At around 1:30 a.m. ET on Friday, July 28, Senator John McCain voted against the GOP's "skinny repeal" act to partially repeal the Affordable Care Act (ACA, aka Obamacare). His vote helped to knock down the repeal act. But his vote against it wouldn't have done anything if it weren't for two women. Republican Senators Lisa Murkowski and Susan Collins voted against the skinny repeal, but McCain's been getting all the glory.
With the number of Republican senators in office right now, the GOP could only afford to have two Republicans vote against their skinny repeal plan, assuming that all Democrats voted against it. Two Republicans voting against the bill would've left it at 50-50. Vice President Mike Pence was actually there to break that tie.
But once McCain voted "no," it was clear that there would be no tie to break -- the Republicans lost one too many votes.
Immediately, praise started coming in for McCain's vote on the skinny repeal.
McCain's vote was dramatic, to be sure, which accounts for why it's getting a lot of attention. McCain had voted along party lines earlier in the week, to the criticism of many, so him voting against them came as a bit of a shock.
And McCain did the actual vote in a dramatic fashion, not revealing his intentions until he was called in the roll call. Then, he theatrically held out a hand, waited a breathtaking moment, and finally dropped a thumbs down, indication a "no" vote.
But for all his theatrics, McCain's vote only mattered because of two Republican women.
Senators Murkowski and Collins have been against the GOP's health care plan since the very start of the Senate debate. They were particularly concerned about Planned Parenthood and Medicaid reform, noting that the GOP taking away funding would hurt the people they represent. Meanwhile, Republican women were left out of the conversations to put together the pieces of legislation.
Murkowski and Collins have been standing against their party on behalf of their people throughout weeks of votes. Pence was on-hand on Friday morning because they knew Murkowski and Collins would vote against the skinny repeal.
People have also praised McCain for returning to vote against the repeal after his brain cancer diagnosis. But on the other side of the aisle, Democratic Senator Mazie Hirono has been voting against repeals since her kidney cancer diagnosis in May and surgeries in May and June.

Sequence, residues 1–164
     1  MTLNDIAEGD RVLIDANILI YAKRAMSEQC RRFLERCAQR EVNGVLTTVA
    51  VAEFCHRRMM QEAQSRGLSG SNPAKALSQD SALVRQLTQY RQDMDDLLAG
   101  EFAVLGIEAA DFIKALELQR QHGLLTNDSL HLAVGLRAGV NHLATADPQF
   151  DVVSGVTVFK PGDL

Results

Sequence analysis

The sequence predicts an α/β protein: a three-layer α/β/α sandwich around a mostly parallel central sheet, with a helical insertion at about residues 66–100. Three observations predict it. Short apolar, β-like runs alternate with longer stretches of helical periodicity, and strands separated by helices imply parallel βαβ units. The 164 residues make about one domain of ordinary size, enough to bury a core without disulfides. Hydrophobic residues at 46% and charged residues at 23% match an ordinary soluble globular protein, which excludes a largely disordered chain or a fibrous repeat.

And it hasn't been easy for these Republican women.
Murkowski and Collins have been physically threatened by their male colleagues because of their votes. Representative Blake Farenthold said "if [they were] a guy from South Texas, I might ask him to step outside and settle this Aaron Burr-style," referring to Murkowski and Collins, along with Senator Shelley Moore Capito, who all voted against repealing Obamacare without a replacement last week.
Murkowski has been targeted by President Donald Trump, who called her out in a tweet on Wednesday, July 26. This led to Representative Buddy Carter of Georgia saying "somebody needs to go over there to that senator and snatch a knot in their ass" about her.
It didn't stop there. Secretary of the Interior Ryan Zinke called Murkowski and Dan Sullivan, the other Alaskan senator, and threatened that Murkowski's vote could hurt their standing with the Trump administration. (There was just one issue for Zinke: Murkowski is the chairwoman of the Senate Energy and Natural Resources Committee, and after his call, she delayed a vote on nominations for his department. Woops!)
Murkowski and Collins have been putting in the work, so of course a man gets the glory.
Men routinely get more recognition than women for doing similar work.
It happens at home, where an idea presented by a man will be praised, while when it was presented by a woman, no one cared. Meanwhile, at work, women do the "invisible labor" that keeps offices running, often without recognition. It happens at home, where women do a majority of the work, but a man is praised if he, say, offers to change a diaper. It happens in culture, where Matt McGorry gets praised for calling himself a feminist, while women get mocked and targeted for doing the same.
Murkowski and Collins were vital to this repeal getting knocked down. They have been there consistently since the start of the Senate debates. If anyone should be getting praise, it's them.